Amongst the many changes that occurred between the first and second seasons of Parks and Recreation, one of the larger ones was that the show gained faith in the government. While this went hand in hand with its most substantial flip, Amy Poehler’s Leslie Knope transitioning almost immediately from a ditz to almost a superheroine of civic progress, it’s also gone beyond just the show’s central character. When it first aired, Parks and Recreation showed a department riddled with incompetence, and the jokes seemed to be kind of like those of Reno 911, centered on how bad the department is. Since then, though, we’ve seen that it’s a group of people who can get things done when it comes down to it, despite (or perhaps because) of all of their eccentricities.
What the show became, essentially, was an optimist, and this has touched every part of Parks and Recreation, including its view of Pawnee. The city, we’ve learned, is filled to the brim with irritating people, who put their own insane interests before anything else, but it’s also a city that’s worth working for, one where ultimately the people do the right thing. As much as the show likes to ratchet up the campaign’s tension, the competition between Leslie and Bobby Newport is essentially a question of whether, given all the information, they would pick wisely, and the show has shown us that they always would.
With that in mind, the writers made a particularly wise choice in having Newport blackmail Pawnee. Newport threatens that should he lose, Sweetums, which is the largest company in the city, will close shop and be moved to Mexico. This causes some real tension. Without cheating, Newport never stood a chance in Parks and Recreation’s optimistic society. With it, who can say?
The actual debate itself was wonderfully entertaining, particularly in the way it fleshed out the weird, less relevant candidates. But while the show always sees the glass half full, it also considers the voting public to be more than a tad dumb, and the display of how they reacted to Newport’s stupidity worked really well. Parks and Recreation never forgets that although there’s a lot at stake, elections are fundamentally a popularity contest. As for Newport himself, it may not be Paul Rudd’s subtlest performance, but it’s hard to imagine a better actor for the part, and I particularly appreciate how sparingly he’s used. A guest star can dominate a show, but Rudd’s presence is always peripheral, just another member of the ensemble.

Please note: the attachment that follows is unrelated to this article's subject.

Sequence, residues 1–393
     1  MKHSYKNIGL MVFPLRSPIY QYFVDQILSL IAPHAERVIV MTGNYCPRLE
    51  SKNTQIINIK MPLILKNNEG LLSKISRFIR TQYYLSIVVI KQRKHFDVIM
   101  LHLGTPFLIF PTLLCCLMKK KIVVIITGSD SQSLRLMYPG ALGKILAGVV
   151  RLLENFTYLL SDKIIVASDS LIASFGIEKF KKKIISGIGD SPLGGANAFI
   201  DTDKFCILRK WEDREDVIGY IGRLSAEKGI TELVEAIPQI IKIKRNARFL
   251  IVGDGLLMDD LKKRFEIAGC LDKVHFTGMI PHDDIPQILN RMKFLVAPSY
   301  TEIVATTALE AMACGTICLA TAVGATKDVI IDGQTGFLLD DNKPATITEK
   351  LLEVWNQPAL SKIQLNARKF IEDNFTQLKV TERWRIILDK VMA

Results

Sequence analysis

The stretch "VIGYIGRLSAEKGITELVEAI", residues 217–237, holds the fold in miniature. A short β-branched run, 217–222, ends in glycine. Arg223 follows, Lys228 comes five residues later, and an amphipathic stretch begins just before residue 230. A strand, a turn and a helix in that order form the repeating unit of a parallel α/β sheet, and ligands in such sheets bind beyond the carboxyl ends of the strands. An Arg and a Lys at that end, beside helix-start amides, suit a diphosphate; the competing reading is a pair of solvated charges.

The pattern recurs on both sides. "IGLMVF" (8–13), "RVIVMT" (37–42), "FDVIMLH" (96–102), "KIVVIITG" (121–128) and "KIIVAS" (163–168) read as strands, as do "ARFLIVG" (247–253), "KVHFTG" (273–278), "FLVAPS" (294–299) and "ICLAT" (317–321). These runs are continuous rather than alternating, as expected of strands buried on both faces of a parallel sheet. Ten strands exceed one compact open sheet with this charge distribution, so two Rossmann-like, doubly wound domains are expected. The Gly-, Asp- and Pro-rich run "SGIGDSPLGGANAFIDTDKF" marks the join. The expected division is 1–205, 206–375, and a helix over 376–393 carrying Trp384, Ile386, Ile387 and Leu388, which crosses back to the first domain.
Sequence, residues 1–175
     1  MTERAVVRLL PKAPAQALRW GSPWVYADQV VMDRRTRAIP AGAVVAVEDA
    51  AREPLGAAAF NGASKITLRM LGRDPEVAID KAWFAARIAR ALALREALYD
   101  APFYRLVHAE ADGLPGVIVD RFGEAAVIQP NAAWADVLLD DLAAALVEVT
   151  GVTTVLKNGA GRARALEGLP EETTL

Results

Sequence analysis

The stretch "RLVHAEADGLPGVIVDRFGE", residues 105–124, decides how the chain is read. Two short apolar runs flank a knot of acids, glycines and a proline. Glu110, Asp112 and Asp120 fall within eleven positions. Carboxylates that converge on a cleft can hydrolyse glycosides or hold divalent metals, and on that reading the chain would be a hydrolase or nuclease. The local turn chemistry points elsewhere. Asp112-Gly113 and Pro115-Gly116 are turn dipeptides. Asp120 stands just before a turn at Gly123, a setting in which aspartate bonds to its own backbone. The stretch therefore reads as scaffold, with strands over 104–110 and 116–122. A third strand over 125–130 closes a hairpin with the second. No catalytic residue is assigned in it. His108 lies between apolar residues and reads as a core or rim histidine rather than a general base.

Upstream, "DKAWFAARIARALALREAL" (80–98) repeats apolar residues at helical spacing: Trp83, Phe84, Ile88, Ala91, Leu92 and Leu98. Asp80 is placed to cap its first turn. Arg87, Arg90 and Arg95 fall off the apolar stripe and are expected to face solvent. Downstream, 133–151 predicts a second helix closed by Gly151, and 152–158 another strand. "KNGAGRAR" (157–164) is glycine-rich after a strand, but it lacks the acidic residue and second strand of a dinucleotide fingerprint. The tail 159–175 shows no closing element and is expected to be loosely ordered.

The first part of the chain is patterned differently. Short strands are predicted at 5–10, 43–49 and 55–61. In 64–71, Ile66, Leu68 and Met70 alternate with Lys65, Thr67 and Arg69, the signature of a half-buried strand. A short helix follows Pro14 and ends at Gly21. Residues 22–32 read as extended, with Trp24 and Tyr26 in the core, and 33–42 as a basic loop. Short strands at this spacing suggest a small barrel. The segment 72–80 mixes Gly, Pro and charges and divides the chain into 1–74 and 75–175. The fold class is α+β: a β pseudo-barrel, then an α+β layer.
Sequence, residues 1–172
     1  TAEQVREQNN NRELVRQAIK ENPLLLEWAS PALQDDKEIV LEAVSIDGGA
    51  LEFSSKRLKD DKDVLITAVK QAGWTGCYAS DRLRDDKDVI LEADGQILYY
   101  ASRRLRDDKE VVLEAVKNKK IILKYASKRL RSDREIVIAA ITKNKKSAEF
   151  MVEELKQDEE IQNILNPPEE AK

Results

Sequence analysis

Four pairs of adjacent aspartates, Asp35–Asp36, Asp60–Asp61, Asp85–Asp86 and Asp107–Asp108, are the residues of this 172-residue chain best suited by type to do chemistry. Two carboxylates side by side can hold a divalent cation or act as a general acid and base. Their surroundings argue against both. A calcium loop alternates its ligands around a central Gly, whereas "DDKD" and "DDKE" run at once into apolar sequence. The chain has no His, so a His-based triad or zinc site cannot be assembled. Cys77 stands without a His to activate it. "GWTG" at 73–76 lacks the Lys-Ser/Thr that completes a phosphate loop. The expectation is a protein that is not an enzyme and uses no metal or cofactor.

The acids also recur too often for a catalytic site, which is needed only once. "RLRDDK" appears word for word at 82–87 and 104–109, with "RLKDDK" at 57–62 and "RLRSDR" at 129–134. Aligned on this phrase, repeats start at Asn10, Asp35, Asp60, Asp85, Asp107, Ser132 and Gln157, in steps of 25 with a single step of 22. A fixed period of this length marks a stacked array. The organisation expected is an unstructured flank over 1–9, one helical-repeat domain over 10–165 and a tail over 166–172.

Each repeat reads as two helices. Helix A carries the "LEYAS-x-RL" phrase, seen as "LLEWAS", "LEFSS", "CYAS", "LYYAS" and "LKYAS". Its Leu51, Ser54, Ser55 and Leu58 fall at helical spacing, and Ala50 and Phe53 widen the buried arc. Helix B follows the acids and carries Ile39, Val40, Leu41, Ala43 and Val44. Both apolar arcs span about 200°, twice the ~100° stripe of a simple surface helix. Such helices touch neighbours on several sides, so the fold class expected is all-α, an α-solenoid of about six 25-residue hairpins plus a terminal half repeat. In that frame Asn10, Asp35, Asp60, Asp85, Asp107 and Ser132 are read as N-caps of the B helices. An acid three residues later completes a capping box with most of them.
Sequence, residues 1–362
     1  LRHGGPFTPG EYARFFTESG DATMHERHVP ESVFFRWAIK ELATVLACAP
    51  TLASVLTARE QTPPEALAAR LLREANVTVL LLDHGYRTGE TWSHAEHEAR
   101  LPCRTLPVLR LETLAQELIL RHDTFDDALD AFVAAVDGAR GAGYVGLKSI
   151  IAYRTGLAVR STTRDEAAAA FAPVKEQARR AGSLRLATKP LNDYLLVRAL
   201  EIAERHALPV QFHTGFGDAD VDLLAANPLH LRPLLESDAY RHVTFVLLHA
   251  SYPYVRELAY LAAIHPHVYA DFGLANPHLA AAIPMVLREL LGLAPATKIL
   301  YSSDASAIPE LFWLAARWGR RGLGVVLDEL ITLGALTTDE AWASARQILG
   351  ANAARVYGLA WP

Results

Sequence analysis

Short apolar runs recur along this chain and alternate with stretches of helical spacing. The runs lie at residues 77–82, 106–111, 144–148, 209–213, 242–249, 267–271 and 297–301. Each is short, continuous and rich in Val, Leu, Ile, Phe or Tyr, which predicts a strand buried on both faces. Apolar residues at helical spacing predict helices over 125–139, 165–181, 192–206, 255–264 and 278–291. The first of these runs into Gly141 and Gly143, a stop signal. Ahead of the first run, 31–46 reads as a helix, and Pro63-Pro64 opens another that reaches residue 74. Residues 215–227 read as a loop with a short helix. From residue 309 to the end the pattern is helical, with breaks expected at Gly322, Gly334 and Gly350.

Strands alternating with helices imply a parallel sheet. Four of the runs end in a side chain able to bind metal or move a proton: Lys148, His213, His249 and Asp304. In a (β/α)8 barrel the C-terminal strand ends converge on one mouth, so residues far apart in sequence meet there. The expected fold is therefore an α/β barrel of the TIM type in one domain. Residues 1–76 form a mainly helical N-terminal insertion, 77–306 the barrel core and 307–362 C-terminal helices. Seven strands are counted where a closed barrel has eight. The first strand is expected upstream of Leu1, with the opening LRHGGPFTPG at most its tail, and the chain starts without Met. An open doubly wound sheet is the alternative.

As for the other parts of the episode, while the gears of the show’s machinery were on view the whole time, making it clear that the writers just needed to make up things for the cast to do, that doesn’t mean they weren’t interesting to watch. Tom, Ann and Chris finally cleared up their love triangle, but the much more exciting b-story involved the fundraising at Andy and April’s house. When things go wrong, Andy exuberantly acts out various movies for his captive audience, who are stunned by his entrancing performances, if a bit disappointed not to watch the debate. Still, things end up okay in the end, with them watching Leslie’s dramatic closing speech, and while the election’s conclusion is by no means clear, the episode ends on a happy note as usual.
There are funnier episodes of Parks and Recreation, but few with as much sheer heart as “The Debate,” and that’s saying something for a show that’s managed to combine earnestness with humor so well that it almost feels avant-garde. It’s an episode that perfectly encapsulates what the show wants to say about the world, and it does so without becoming didactic or forgetting the jokes.
•This episode was written and directed by a certain Amy Poehler. She did, unsurprisingly, an excellent job.
•The things April believes in: “I care about Andy and Champion… and I want Leslie to win and I like sleeping.”
•The Gunbelievable Gun Emporium..
•The existence of a twitter question is my favorite joke of the episode.
•Gotta admit, I had no idea what film Andy was acting out until he said the name. But now I have to go rent Road House immediately.
•”Once again, people: grenade launcher.”
•Wait, why was Jerry with a bunch of nuns? Where did that come from?